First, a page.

This is why it is so important to pay attention to the minutia of history. These bodies were not of brave Canadian patriots because such a thing did not exist at that time. We actually know very little about these soldiers. The distinct lack of names of the dead at Smith’s Knoll – or attempts to ascertain them, to construct biographies, to know anything about them other than which uniform that they wore – allows for a blurring of the boundary between settlement colony and imperial core, and so contemporary Settler Canadians can claim these long dead soldiers as their own people, regardless of whether or not the dead would have agreed. They certainly did not think of themselves as ‘Canadian’: they were professional British soldiers, a few ‘Loyalist’ militiamen, and some American invaders. They did not ‘defend Canada’ – some fought for the British Crown, while others fought for an American identity still emerging from the Revolutionary War. Yet by emphasizing this event – the Battle of Stoney Creek – in all its military glory as the point at which Canada, or at least this part of it, was created and defended, bought and paid for in the blood of young patriots, we obscure a much longer history. Where did the Indigenous nations and governments go that not only pre-dated Canada and America, but which also played key roles in the War of 1812 itself? They remain marginalised in history, their disappearance made to seem normal by the overwhelming sense that Canada was always already here, just waiting for someone to die (and be buried) for it.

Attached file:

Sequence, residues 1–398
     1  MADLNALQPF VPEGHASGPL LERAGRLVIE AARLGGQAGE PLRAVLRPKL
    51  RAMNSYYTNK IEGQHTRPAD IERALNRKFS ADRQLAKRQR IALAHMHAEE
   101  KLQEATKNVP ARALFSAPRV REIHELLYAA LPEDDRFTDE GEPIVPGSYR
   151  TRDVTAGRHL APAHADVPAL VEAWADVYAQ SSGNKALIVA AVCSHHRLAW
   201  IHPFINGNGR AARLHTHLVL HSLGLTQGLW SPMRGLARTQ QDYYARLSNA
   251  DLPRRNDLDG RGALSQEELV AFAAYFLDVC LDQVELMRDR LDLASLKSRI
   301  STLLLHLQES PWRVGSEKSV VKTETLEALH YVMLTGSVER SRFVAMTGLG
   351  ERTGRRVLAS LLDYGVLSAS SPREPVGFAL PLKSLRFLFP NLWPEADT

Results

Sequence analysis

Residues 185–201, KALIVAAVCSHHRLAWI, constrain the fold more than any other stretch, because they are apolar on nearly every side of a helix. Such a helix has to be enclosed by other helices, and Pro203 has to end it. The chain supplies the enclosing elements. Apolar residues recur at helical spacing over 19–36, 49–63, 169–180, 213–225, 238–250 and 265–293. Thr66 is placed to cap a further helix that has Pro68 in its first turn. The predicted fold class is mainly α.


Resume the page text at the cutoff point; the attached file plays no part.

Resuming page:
[i] This article is based on research conducted in support of a forthcoming publication in the journal Annals of the Association of American Geographers.